Conservative MP Nadim Zahawi went one-up on Shapps, reporting Ward to the police, and asking them to investigate “prima facie evidence that he has committed the offence of encouragement of terrorism”.

This is not the first time Ward has faced a run-in with the Lib Dem party machine. Last year, he tweeted:

Am I wrong or am I right? At long last the Zionists are losing the battle – how long can the apartheid State of Israel last?

This comment was apparently so offensive as to merit disciplinary action, and Ward was duly suspended from the party.

This entire episode is notable for a number of reasons. First, for the knee-jerk misrepresentation of Ward’s remarks: the media and political class immediately portrayed Ward as offering active support for Hamas rocket attacks, when there was no evidence of anything of the kind. Second, and more importantly, in light of Israel’s engaging in terrorism over the past two weeks on a far greater scale, and of a far greater intensity, than has Hamas over the past several years. In a single airstrike, at 7pm on 20 July, for instance, Israel killed almost twice as many members of a single Palestinian family as Palestinian rockets killed Israelis between 2000 and 2009 (according to Israel Security Agency figures). Israel has adopted a deliberate policy of targeting civilians, with the result that roughly 80% of Palestinians killed in Gaza have been civilians. It recently released a list of “senior terrorist leaders” killed; the list featured 8 names. Gaza’s death toll to date is over 800.

Third, Israel’s attacks have received constant, explicit backing from the West. Nor is this backing limited to (though it certainly includes) rhetorical support for Israel’s “right to self-defence”. It includes diplomatic cover for its violations of international law, and material support in the form of ongoing transfers of weapons, military aid and military equipment. None of this support has met with anything like the level of outrage or calls for disciplinary action evoked by one mild, inoffensive tweet from one MP reflecting on the root causes of Palestinian violence. And fourth, it overlooks the fact that, while Israel is the occupier, in gross violation of international law, armed with the deadliest, most sophisticated weapons available and inflicting severe collective punishment through prolonged economic warfare and regular atrocities against an entire population, Hamas are a group possessing severely limited military means, engaged in resistance to that occupation. So extreme is the state of the debate in the West that, while the occupier’s right to aggression is axiomatic, commentators not only struggle to comprehend that there might be a plausible defence of Hamas’s puny rocket attacks, but – as Ward’s case shows – take offence at the idea that there might even be a reason for them.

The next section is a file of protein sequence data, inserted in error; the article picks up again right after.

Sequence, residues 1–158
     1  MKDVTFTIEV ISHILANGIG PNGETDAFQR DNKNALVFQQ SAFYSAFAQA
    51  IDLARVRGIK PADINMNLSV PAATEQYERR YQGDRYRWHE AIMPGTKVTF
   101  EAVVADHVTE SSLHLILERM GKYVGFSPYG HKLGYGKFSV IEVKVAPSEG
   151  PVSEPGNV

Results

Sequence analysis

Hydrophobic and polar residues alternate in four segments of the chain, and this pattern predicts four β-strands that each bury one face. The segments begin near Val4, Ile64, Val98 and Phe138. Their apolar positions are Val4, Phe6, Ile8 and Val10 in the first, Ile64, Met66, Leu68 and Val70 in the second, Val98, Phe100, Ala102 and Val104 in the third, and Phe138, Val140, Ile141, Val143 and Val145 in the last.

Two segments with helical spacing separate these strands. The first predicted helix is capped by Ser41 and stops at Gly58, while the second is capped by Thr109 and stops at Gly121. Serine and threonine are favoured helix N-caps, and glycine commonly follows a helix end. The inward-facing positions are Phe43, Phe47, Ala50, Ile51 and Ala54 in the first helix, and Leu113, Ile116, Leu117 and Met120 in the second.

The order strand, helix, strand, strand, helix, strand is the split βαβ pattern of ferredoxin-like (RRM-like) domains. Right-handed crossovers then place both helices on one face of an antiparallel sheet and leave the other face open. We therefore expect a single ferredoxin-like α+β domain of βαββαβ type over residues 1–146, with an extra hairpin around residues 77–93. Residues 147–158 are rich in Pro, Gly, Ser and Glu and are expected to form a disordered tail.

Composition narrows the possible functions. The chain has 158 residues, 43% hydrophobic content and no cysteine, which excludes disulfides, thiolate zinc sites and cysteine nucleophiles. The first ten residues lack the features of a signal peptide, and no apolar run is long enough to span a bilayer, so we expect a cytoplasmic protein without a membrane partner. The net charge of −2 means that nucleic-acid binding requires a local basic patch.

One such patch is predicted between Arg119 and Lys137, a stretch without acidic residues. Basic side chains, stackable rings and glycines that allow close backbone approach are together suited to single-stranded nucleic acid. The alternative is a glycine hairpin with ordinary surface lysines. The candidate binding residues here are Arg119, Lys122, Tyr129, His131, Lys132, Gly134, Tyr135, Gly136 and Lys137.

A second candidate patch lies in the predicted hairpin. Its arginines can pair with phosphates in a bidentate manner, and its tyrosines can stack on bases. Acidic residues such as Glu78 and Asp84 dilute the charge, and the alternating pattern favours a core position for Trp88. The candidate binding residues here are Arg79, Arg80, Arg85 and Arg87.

Let’s take rhetorical support. On 8 July, a White House spokesperson said:

“This conference is also taking place at a time of growing threats to Israel’s security. Over the past several days, Hamas and other terrorist groups have launched dozens of rockets at Israeli towns and cities, forcing local populations into their shelters. The United States strongly condemns these attacks.  No country should have to live under the constant threat of indiscriminate violence against innocent civilians. We support Israel’s right to defend itself against these attacks.”

On the same day, EU ambassador to Israel Lars Faaborg-Andersen said Europe wished to “express its unreserved solidarity with citizens of Israel.”

On 9 July, the British Government released this statement:

“The Prime Minister spoke to Prime Minister Netanyahu earlier this evening about the situation in Israel. The Prime Minister strongly condemned the appalling attacks being carried out by Hamas against Israeli civilians.

“The Prime Minister reiterated the UK’s staunch support for Israel in the face of such attacks, and underlined Israel’s right to defend itself from them.”